While it may feel workaday, that soothing mug of tea comes with an impressive resume…
A glass of warm lemon water every morning. Your Sunday afternoon yoga sesh. When your wellness routine includes practices you truly love and connect with, those practices transform from routine to ritual. Something you look forward to, movements or habits done with respect for the acts themselves and reverence for the way they nourish body and mind. Oftentimes it’s our own minds that assign these habits their ritual qualities in our lives — perhaps your lemon water sets the tone for the rest of the day, or that yoga practice helps to unwind from the week that came before — but it’s likely that the practice itself arrives at our doorstep fully steeped in its own tradition, whether we’re aware of it or not. Yoga. Ayurveda. Tea. While they may feel fresh when when adapted anew in your life, in reality these ingredients and practices go back thousands of years. Take your daily mug of green tea, for example. While it may feel workaday, that soothing mug of tea comes with an impressive resume. Those little emerald leaves have been savored for centuries, honored for their health-giving properties and used in rituals across the world. Today I’m diving into the benefits of green tea and sharing a simple way to enjoy it. Read on to learn all about it…
What is it? Though all tea — with the exception of herbal teas — comes from the same plant (Camellia sinensis), it’s the oxidation process that differentiates teas from each other. Green tea, native to India and China (and brought to Japan by way of China in the 1100’s), is one of the least oxidized teas, second only to white tea, and as a result boasts some of the highest levels of antioxidants, polyphenols and organic compounds. Green tea is grown two ways — shade grown and sun grown — and harvested three to four times per year (the first harvest yields the best quality leaves).
What are the benefits: The (many, maaaaaaany) benefits of green tea have been documented as far back as the 1100’s — so you know there’s something there. Green tea was traditionally used in Chinese medicine to aid digestion and promote wound healing. More recent studies of the tea have shown it to be beneficial for both of these things and more. Because of its low oxidation, green tea contains extremely high levels of antioxidants, specifically EGCG (Epigallocatechin Gallate) which protect cells from damage and reduce the risk of certain diseases. Green tea has been associated with improved cardiovascular health, possibly reducing the risk of stroke and heart disease. While it has less caffeine than coffee, green tea does provide a gentle caffeine boost. The caffeine present in green tea, coupled with the amino acid L-theanine, has been shown to boost brain activity. L-theanine can also boost the activity of the neurotransmitter GABA, which can lower anxiety and increase feelings of calm. Long story short, if coffee makes you feel crazy, green tea could be the answer to more energy without the jitters! The catechins (molecules, EGCG is one of them) present in green tea have been found to inhibit the growth of bacteria, possibly leading to improved mouth health and the prevention of disease, since many diseases and viruses, especially strep) take root in the mouth. Green tea can also improve skin health by regulating the life cycles of skin cells and reducing inflammation and redness.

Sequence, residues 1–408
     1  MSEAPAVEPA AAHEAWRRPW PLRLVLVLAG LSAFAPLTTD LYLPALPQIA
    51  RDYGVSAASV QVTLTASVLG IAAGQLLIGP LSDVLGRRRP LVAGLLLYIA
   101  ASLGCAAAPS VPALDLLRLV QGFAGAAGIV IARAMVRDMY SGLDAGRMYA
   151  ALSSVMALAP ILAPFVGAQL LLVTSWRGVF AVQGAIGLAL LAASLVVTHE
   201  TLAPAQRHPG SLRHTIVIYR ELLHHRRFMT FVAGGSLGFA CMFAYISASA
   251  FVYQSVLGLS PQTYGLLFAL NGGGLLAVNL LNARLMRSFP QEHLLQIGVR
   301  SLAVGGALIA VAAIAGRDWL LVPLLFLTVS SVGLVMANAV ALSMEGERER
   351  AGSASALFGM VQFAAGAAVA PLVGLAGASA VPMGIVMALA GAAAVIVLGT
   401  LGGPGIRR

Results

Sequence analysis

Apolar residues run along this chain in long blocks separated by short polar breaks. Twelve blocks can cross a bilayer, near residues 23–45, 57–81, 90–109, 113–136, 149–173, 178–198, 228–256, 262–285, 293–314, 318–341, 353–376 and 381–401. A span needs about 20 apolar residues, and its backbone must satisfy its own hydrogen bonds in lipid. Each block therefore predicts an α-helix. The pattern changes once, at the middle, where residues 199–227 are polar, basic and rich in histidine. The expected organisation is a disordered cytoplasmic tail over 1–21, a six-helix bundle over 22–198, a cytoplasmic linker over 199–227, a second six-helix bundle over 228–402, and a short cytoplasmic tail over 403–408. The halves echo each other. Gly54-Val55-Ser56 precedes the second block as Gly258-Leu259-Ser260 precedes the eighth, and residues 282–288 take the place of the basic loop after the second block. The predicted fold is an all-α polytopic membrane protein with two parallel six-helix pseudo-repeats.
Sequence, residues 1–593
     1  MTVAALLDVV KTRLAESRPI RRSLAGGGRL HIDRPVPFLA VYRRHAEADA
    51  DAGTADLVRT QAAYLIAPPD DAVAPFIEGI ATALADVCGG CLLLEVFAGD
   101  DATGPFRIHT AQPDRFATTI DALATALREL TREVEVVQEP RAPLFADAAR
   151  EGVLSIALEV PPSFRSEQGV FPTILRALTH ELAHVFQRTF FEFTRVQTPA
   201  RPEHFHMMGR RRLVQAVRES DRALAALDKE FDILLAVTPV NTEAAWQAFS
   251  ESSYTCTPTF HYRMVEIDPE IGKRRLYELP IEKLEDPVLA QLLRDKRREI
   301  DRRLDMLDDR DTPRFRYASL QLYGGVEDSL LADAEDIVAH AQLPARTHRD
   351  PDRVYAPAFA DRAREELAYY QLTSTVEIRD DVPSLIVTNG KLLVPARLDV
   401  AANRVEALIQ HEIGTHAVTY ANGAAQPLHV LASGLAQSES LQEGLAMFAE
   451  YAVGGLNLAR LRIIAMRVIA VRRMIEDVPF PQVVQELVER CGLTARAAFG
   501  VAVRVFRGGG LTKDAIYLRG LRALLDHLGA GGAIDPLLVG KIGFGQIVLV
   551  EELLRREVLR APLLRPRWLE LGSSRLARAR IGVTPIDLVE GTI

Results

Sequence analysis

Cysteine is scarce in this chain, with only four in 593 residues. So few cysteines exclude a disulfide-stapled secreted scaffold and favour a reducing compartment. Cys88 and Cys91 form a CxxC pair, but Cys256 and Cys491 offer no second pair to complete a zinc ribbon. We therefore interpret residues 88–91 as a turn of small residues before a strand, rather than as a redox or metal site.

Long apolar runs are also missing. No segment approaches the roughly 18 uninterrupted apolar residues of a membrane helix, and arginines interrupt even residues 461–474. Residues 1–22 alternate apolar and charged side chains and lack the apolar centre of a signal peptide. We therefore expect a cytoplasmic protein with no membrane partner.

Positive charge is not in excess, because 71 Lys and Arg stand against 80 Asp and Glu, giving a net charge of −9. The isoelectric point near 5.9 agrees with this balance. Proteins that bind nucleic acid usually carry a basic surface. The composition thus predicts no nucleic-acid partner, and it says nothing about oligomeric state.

How do I use it? Green tea is best brewed in water that has been heated to between 140°F – 185°F degrees and allowed to steep only a short time — any longer than 4 minutes and most varieties become bitter. Good-quality green tea can usually be steeped three or four times, or hot water may be added to a teapot as the tea is consumed. Green tea can also be prepared cold in a variety of ways. Try some of our favorite green tea recipes here, and read about the benefits of matcha green tea here! The recipe below is one of my favorites for super early mornings, when it’s too early for a proper breakfast and my system just isn’t ready for coffee… but I need something. The green tea provides a gentle pick-me-up without the early morning crash that would come with coffee, while the coconut oil provides fuel until you’re ready to eat something (read up on the benefits of coconut oil here). What’s more, it comes together in a flash, so you can focus on getting yourself ready for the day and out the door on time.
Green Tea with Coconut and Mint
1 tea bag or 1 scoop green tea leaves
8 oz water
1 tsp coconut oil
Sprig of fresh mint
Place tea bag in the mug or position tea strainer with tea leaves over top. Add the mint sprig.
Heat the water to 140°F – 185°F and carefully pour over tea bag/leaves and mint.
Allow to steep between 1-4 minutes, depending on desired taste.
Remove tea bag/leaves and mint and stir in coconut oil.
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This information is not intended to treat, diagnose or prevent any disease or issue. Please seek your doctor’s advice for any questions regarding a specific condition and before beginning any exercise, diet or health-related regimen.